LUDLOW — From the moment inmates are incarcerated in the Hampden County Correctional Center system, the Sheriff’s Department is preparing them to get out — and stay out.
Employment is key.
Shortly after they arrive, inmates get a manila folder for the vocational certificates and résumés they will be pushed to complete behind bars. Many earn the right to finish their sentences while living at home or in unlocked facilities, often holding down full-time jobs in the community. Once they are released, the ex-offenders have access to a support center in Springfield staffed by Sheriff’s Department employees and community service providers who help them with food stamps and housing, as well as haircuts, interview suits, and other resources.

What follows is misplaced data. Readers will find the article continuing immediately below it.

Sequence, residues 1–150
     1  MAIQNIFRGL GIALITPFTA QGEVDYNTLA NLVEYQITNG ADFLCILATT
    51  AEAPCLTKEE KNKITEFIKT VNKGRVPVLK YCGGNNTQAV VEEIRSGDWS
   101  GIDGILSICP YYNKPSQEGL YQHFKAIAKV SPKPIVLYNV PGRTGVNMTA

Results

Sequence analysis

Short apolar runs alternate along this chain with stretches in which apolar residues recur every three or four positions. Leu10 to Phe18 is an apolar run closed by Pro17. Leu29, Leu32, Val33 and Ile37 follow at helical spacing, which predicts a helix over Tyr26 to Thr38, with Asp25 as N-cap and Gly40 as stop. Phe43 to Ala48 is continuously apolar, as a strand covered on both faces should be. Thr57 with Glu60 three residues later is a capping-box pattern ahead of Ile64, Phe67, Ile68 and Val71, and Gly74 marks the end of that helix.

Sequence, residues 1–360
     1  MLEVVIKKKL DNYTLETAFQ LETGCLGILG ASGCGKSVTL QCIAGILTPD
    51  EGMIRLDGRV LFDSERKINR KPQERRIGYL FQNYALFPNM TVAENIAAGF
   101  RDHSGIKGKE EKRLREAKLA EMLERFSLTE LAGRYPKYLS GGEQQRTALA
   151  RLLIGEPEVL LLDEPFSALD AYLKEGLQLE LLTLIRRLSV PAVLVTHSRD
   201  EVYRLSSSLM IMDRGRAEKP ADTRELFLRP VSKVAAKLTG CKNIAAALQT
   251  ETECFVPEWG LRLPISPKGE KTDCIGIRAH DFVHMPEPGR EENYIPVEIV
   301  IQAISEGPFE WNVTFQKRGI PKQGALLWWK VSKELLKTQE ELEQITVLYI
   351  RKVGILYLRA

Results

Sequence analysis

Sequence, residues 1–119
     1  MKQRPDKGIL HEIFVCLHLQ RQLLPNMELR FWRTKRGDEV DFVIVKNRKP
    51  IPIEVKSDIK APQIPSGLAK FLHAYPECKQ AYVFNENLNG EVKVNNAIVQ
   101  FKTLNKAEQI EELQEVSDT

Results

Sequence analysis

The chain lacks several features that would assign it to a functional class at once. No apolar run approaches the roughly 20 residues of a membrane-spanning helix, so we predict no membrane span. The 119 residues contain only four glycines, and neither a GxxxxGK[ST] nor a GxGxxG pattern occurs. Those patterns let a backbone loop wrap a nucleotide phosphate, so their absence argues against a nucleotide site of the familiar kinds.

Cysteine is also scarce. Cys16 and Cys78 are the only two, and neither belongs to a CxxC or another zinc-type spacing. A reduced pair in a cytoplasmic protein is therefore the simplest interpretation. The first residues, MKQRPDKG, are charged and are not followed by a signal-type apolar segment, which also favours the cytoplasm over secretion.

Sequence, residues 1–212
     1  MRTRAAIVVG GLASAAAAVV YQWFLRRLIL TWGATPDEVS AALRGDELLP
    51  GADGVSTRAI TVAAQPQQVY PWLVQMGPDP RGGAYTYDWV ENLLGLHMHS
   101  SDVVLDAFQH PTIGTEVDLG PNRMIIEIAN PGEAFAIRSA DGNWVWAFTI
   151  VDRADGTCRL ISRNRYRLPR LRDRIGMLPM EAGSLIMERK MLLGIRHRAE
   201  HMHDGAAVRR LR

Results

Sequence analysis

Hampden County is often held up as a national model for rehabilitating inmates. Pioneered by social worker-turned-county sheriff Michael Ashe, the program focuses on preparing inmates to join the workforce, often for the first time, while addressing mental illness, substance abuse, and other needs. Governor Charlie Baker recently proposed spending $1 million to expand the Western Massachusetts re-entry model statewide.
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